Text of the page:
This is the latest post in a series which will look at recent advancements, discoveries and trends in the study of whales and dolphins. We here at Sea Watch believe strongly in the free sharing and dissemination of scientific literature and want to give you, our loyal members, the breakdown of all that’s going on in the field.
Whale-watching tours are a spectacular way to get closer to the cetaceans which we all love. With most tours taking place onboard small vessels with an experienced skipper who will use local knowledge and live communication from other vessels in the area to help pinpoint wild cetaceans roaming the waters.
Since the first commercial whale-watching tour in California over 65 years ago (Woods-Ballard et al. 2003), the industry has boomed and is now worth over $2 billion per year (Parsons 2012), and these trips have given us the opportunity to see whales and dolphins in their natural environment. In addition, these trips can give regular people the chance to see up close wild cetaceans and sneak peek into their personalities.
On-board whale-watching tours, tour guides have the chance to educate passengers about local flora and fauna, about the ecology and threats to local cetacean species, and to inform passengers about local research projects they might be collaborate with. Ultimately, these trips provide a positive take home message as well as memories which will last a lifetime.
However, could whale-watching activities produce some negative effects on the whales, dolphins & porpoises we love so much and observe from these platforms?
The Benefits of Whale-Watching
These trips can live long in the memory, and are capable of reshaping how people think about whales and dolphins, and help to foster a conservational mindset in the general public (Stanatioun et al. 2007). Boat tours educate those on board about the lives and struggles these creatures face. Ultimately providing a positive take home message as well as giving those on board more information about the threats cetaceans face, the research taking place in the local area and how they can help. The importance of this education and exposure in wildlife conservation is a key weapon in advancing governmental policies (Howard and Parsons 2006).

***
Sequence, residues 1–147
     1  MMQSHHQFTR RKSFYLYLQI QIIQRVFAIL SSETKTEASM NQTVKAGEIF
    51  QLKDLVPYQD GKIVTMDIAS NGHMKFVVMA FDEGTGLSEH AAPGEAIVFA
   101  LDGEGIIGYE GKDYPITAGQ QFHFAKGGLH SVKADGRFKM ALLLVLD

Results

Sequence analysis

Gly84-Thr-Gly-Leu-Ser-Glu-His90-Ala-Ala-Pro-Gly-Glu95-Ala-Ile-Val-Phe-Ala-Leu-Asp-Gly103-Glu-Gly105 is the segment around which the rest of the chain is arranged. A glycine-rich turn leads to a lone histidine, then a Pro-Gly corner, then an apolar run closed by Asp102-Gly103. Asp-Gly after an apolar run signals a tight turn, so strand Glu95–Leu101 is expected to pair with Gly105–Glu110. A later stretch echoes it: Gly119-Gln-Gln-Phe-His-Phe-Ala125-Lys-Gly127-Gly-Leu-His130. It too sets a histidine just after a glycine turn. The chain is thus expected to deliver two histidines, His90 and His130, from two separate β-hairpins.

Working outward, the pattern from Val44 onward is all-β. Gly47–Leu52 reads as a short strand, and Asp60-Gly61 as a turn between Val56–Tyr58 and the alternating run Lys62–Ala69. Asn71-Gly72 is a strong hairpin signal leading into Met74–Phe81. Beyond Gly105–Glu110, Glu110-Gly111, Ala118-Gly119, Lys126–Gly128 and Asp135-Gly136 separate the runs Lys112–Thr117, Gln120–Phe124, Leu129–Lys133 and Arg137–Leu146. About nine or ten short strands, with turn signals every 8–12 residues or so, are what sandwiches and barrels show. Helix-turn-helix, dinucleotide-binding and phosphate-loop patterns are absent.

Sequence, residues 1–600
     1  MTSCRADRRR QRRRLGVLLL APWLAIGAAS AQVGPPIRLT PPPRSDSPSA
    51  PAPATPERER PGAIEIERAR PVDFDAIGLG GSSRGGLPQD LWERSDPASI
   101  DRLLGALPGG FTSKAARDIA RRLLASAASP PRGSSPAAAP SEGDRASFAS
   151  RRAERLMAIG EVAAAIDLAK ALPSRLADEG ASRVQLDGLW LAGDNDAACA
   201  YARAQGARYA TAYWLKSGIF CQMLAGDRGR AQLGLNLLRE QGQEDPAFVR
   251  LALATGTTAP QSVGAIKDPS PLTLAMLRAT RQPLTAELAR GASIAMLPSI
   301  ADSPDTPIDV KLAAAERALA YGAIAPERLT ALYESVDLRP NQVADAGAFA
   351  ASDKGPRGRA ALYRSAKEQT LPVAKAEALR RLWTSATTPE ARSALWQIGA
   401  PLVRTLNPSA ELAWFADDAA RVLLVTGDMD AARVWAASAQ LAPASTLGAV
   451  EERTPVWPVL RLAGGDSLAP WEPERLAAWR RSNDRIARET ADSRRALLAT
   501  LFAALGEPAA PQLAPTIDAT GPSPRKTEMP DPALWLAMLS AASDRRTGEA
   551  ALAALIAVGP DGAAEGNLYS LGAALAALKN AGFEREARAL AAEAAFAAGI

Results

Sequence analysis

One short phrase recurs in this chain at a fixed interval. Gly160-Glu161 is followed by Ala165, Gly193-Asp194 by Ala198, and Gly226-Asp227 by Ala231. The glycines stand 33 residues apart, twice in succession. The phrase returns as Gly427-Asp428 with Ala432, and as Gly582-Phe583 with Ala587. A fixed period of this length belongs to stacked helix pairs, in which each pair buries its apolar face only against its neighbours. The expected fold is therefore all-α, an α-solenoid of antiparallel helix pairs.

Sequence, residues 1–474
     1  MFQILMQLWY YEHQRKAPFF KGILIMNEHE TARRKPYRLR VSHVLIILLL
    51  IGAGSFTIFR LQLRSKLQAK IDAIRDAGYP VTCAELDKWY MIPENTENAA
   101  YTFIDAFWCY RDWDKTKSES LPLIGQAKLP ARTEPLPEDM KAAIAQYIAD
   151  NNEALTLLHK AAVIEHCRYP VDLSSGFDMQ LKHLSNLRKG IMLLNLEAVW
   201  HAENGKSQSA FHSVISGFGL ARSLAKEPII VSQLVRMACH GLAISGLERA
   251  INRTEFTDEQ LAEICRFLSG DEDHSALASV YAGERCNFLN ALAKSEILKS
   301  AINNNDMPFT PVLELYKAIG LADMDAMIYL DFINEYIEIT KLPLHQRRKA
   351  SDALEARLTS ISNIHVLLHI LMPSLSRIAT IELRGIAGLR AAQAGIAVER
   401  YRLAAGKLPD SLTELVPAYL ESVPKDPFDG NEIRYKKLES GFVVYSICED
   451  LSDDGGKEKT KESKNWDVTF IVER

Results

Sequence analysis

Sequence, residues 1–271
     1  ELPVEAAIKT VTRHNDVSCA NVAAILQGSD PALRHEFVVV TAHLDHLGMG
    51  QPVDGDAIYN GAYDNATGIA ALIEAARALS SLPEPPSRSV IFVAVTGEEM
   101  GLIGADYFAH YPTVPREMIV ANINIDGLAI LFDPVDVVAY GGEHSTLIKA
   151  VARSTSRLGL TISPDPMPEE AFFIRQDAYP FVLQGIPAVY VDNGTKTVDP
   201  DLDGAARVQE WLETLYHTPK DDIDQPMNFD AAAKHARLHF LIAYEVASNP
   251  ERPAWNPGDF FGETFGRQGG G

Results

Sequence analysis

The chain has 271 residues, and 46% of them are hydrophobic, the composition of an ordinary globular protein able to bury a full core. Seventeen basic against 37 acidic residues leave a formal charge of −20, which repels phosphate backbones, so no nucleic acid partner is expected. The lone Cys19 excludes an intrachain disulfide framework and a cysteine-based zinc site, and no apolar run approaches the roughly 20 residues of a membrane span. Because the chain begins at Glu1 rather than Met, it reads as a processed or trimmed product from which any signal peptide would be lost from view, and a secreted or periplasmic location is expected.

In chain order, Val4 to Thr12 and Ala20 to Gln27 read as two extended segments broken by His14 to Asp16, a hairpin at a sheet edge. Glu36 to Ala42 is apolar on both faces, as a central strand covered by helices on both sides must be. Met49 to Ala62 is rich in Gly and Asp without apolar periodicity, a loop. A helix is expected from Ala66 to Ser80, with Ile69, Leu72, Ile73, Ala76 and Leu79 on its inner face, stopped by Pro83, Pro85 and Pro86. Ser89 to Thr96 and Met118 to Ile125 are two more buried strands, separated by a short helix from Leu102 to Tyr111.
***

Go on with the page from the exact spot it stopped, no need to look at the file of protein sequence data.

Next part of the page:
The Negative Impacts of Whale-Watching
While we know that a direct collision can occur between cetaceans and boats at sea, cetaceans can also be affected by boat traffic. These “sub-lethal” effects can have long term effects on individuals and overall populations (Parsons 2012).
Multiple studies across the world have come to same conclusion that the presence of boats elicits a response from cetaceans (Senigaglia et al. 2016). The most common among these responses is avoidance behaviour which leads to a change in behaviour patterns. This could mean less time is spent feeding or less time spent resting, both of which can cause significant harm to the long-term health of cetacean populations.
Cetaceans live for a long time, have few offspring, and grow slowly, and they are known in ecology as “k-selected” species. As such, the survival of adults is prioritised over the need to have many offspring, which is the mayfly which has thousands of offspring but only lives briefly.
This prioritisation means the stress caused by tour boats is more likely to cause a fall in reproduction rate among cetaceans rather than killing prematurely the adults exposed by traffic (Christiansen et al. 2013). We do not want to harm our beloved gentle giants and by following Sea Watch’s guidelines is we can certainly avoid it.